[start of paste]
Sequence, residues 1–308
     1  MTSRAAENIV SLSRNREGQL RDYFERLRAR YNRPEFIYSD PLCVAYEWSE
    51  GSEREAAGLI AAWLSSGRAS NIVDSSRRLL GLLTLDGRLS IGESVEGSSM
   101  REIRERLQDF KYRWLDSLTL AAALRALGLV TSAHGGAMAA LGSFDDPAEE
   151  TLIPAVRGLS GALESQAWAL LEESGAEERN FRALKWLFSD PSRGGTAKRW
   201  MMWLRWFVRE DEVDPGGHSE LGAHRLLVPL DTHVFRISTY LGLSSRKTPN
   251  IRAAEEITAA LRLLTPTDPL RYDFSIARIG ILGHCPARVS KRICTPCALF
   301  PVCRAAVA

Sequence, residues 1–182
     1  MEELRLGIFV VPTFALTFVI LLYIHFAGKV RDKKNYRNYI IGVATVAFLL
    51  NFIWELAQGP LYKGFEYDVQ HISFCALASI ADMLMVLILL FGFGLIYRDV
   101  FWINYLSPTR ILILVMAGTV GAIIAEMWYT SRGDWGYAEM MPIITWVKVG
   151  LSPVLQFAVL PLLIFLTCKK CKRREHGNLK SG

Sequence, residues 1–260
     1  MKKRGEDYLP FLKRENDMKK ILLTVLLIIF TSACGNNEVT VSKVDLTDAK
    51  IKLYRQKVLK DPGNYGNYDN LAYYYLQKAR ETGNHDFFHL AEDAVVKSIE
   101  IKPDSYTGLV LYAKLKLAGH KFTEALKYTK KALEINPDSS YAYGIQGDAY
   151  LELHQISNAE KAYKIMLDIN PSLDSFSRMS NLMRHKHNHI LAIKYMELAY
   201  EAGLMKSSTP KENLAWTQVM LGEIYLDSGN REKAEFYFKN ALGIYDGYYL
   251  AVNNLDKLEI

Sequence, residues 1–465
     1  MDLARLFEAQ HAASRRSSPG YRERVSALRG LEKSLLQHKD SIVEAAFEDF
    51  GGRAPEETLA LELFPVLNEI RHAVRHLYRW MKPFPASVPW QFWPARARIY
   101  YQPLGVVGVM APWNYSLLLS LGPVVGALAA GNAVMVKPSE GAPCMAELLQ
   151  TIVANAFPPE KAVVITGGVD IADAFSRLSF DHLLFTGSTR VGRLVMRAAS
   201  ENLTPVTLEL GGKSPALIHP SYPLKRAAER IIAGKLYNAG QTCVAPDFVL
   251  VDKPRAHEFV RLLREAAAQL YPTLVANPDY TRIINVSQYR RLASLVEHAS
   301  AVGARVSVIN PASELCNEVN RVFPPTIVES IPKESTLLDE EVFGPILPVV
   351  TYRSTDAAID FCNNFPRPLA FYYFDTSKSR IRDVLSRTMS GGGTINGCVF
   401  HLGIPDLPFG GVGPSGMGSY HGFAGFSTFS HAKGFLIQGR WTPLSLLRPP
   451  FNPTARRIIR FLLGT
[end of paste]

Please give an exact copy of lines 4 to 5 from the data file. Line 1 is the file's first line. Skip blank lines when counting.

   101  REIRERLQDF KYRWLDSLTL AAALRALGLV TSAHGGAMAA LGSFDDPAEE
   151  TLIPAVRGLS GALESQAWAL LEESGAEERN FRALKWLFSD PSRGGTAKRW